Over the past two weeks we looked at the Glycemic Index (GI) and its importance in regulating our ‘fuel supply’. Understanding its role in doing this is especially important for people who are faced with the symptoms of ADD/ADHD. This is because the maintenance of stable blood sugar levels is one of the key factors in controlling the inattention, impulsiveness and mood swings that so often go hand in glove with ADD/ADHD.
This week we will go one step further by taking some of the theory and putting it into practice. We will specifically look into the GI content of different foods. This should help you a great deal in terms of designing your diet to be as ADD/ADHD unfriendly as possible.
Just a short word of warning before we look at individual food types: It should be clear from last week’s article that the whole GI concept is based on solid scientific fact and that it is possible to determine the GI values of food with remarkable accuracy. However, the scientific nature of the Low GI approach was tarnished in the eyes of many by the fact that some unscrupulous people decided to market the concept as part of the latest ‘miracle diet’. Please be aware that what we are describing here does not fit into this category at all. Fad diets come and go and they usually involve going overboard with some important principle (like GI). We are recommending the exact opposite, namely learning about GI and its benefits for tackling ADD/ADHD and then applying what you have learned in a balanced and responsible way.
Having some general information about the Glycemic Index can be quite beneficial, this would however be close to worthless if you do not allow that knowledge to influence your food buying decisions. To recap, we saw last week that the Glycemic Index can be divided into three categories:
1 – 55: Low Glycemic Index
55 – 70: Medium/Intermediate Glycemic Index
70 – 99: High Glycemic Index
Putting the principles behind the GI concept into practice will obviously means that you need to orient your food choices very much towards the first two categories (i.e. Low GI and Medium GI). Some of the foods in the different categories will be listed below. It is obviously not an exhaustive list but it should give you a very good idea of the GI values of different kinds of foods.
Low GI Foods
Bran based cereals, porridge, natural muesli, wheat pasta shapes, new potatoes, brown rice, buckwheat, white long grain rice, wheat tortillas, soya bread, linseed bread, whole wheat bread, sourdough rye bread, muesli bars, milk chocolate (high fat), hummus, peanuts, walnuts, cashew nuts, raisins, oatmeal crackers, kidney beans, butter beans, chick peas, green and red lentils, black eyed beans, green peas, sweet corn, carrots, eggplant, broccoli, cauliflower, cabbage, tomatoes, chillies, lettuce, green beans, red peppers, onions, cherries, plums, grapefruit, peaches, apples, pears, apricots, grapes, coconut, kiwi fruit, oranges, strawberries, prunes, whole milk, skimmed milk, yoghurt, custard, soy milk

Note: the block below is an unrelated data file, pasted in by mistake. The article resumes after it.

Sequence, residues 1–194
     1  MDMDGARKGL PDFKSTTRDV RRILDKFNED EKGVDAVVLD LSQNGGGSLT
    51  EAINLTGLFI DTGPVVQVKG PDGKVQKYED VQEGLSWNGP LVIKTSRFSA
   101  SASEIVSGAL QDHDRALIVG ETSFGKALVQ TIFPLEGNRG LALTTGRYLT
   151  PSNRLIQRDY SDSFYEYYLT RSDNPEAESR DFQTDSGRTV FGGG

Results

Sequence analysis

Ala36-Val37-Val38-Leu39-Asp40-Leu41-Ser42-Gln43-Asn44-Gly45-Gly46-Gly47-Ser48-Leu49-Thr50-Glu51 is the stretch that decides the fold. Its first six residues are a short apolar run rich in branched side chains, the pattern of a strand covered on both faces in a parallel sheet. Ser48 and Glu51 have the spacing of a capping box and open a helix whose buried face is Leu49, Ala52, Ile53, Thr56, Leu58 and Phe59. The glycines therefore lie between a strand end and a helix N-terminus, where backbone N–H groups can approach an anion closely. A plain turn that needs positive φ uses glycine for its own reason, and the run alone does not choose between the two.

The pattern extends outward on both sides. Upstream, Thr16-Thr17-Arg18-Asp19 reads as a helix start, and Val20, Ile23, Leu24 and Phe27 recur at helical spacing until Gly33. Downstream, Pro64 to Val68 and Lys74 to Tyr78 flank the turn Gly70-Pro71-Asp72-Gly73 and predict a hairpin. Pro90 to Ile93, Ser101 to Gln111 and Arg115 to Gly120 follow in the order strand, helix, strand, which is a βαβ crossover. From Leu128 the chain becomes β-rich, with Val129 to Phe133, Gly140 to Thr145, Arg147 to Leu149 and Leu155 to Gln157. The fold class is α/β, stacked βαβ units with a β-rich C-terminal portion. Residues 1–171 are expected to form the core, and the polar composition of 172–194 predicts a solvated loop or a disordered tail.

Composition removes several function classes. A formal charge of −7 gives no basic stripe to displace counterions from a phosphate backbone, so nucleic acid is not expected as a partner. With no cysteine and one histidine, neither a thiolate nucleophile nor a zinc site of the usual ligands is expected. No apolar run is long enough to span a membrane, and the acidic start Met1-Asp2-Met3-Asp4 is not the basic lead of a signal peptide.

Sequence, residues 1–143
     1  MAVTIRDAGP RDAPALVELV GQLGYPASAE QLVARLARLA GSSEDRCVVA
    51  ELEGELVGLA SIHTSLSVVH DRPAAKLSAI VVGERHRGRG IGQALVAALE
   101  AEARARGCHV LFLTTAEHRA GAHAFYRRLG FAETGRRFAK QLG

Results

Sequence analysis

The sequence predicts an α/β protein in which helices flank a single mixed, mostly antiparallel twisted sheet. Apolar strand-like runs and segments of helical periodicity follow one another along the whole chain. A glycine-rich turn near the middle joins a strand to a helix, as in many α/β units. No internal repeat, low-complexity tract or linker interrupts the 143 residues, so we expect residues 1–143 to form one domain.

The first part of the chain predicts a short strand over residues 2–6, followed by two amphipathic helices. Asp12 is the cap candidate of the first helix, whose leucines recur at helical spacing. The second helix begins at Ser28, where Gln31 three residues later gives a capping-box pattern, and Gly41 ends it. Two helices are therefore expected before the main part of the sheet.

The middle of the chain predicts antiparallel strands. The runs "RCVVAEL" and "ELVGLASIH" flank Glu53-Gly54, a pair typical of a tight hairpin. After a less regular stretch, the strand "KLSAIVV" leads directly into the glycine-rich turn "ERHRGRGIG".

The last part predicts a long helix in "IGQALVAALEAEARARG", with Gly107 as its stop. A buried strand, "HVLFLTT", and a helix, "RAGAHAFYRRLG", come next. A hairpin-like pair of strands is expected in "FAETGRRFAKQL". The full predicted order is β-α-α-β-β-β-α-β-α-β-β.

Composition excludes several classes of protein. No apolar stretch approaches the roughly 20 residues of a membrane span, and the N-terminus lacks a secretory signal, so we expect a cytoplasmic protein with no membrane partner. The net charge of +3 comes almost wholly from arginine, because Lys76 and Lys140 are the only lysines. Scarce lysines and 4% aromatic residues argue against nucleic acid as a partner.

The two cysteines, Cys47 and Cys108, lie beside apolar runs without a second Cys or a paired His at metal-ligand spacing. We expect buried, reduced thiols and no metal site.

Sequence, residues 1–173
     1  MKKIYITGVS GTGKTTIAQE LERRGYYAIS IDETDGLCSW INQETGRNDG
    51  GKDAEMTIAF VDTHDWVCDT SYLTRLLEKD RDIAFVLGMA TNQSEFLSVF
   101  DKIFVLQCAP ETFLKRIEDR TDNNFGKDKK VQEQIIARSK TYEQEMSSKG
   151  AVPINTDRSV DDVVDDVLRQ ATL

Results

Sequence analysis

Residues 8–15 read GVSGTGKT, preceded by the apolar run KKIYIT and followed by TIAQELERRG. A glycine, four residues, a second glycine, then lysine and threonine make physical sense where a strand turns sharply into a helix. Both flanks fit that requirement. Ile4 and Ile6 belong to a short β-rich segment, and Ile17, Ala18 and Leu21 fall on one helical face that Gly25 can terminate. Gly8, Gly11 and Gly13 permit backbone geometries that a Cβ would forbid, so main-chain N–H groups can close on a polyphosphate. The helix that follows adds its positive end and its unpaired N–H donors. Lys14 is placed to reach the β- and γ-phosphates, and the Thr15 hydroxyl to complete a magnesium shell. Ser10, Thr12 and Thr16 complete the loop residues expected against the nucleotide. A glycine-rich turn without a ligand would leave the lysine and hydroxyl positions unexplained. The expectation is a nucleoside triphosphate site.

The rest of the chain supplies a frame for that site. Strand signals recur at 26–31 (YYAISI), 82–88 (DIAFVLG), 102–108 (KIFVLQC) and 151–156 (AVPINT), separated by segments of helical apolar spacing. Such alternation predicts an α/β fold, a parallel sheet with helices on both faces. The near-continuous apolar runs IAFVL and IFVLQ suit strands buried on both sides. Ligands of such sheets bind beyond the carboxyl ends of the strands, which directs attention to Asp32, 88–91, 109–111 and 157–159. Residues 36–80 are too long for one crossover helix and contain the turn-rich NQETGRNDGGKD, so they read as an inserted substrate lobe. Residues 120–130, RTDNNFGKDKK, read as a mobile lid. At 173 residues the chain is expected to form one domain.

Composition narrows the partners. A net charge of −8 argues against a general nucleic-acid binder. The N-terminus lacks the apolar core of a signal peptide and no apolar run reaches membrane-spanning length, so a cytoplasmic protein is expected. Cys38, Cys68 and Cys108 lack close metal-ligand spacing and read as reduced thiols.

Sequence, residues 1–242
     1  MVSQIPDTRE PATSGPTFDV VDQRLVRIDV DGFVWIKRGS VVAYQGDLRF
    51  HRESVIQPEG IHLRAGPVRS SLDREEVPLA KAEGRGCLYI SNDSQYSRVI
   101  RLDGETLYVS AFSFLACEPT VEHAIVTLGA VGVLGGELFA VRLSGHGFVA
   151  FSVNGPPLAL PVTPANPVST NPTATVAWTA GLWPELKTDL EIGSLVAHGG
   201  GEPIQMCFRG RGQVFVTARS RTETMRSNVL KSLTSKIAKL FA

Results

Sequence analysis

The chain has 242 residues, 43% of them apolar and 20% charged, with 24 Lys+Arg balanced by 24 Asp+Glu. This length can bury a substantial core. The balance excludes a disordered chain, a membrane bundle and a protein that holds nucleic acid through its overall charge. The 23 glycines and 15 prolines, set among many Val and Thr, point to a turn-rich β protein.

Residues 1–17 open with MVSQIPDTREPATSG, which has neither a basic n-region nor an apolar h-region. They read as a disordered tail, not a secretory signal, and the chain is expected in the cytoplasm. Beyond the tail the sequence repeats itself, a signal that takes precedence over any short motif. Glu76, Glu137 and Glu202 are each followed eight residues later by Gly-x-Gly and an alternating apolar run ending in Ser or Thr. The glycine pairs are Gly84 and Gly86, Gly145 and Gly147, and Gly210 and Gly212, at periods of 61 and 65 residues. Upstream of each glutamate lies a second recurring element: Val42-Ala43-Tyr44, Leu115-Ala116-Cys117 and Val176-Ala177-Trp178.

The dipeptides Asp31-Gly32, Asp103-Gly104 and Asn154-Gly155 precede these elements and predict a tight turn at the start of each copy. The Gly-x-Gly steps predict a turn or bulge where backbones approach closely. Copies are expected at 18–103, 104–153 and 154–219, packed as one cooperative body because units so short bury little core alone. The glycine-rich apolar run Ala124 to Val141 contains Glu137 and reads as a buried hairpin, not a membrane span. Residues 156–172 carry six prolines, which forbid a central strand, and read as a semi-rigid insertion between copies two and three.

Medium GI Foods
Nutrigrain, porridge oats, shredded wheat, basmati rice, couscous, cornmeal, gnocchi, baked potatoes, wild rice, croissants, hamburgers buns, white pita, wholemeal rye bread, Ryvita, digestive biscuits, blueberry muffins, honey, beans in tomato sauce, beetroot, sultanas, bananas, raisins, papaya, figs, pineapple, ice cream
High GI Foods
Cornflakes, Coco Pops, Rice Crispies, instant white rice, short grain white rice, fresh mashed potatoes, French fries, white bread, bagels, baguettes, pretzels, water biscuits, rice cakes, crispbread, donuts, scones, pumpkin, parsnips, watermelon, dates
Two things should be immediately apparent from the foods listed above:
1) Low GI values can be found across a wide spectrum of foods. It is therefore very wrong to immediately assume that you will have to eat like a medieval monk in order to follow a Low GI diet! In fact, with a bit of careful planning and some creativity you should be able to create an eating plan that is not too far removed from what you are already eating. The only difference being that you will now be eating in a way that will keep your blood sugar levels much more stable.
2) GI values can sometimes seem slightly counterintuitive. The Glycemic Index can be very good at throwing up surprises. For example: Who would have thought that very ‘wholesome’ vegetables like pumpkin and parsnips would achieve such high scores? At the other end of the spectrum we also see ice cream and chocolate at places where we would not expect them (Medium GI and Low GI respectively). This clearly shows that you will have to follow the best possible professional advice when trying to follow a Low GI diet. Get yourself a book with detailed listings of the GI values of different foods and/or check back regularly to 3StepsADD for the latest news on GI related research.
Trying to follow a Low GI diet may seem like a bit of unnecessary hassle that you can easily do without. However research has shown time and again that it can be one of the most effective tools in combating the effects of ADD/ADHD. When you realise this, the effort and expense starts to pale into insignificance when compared to what the pharmaceutical companies would like you to do in response to ADD/ADHD!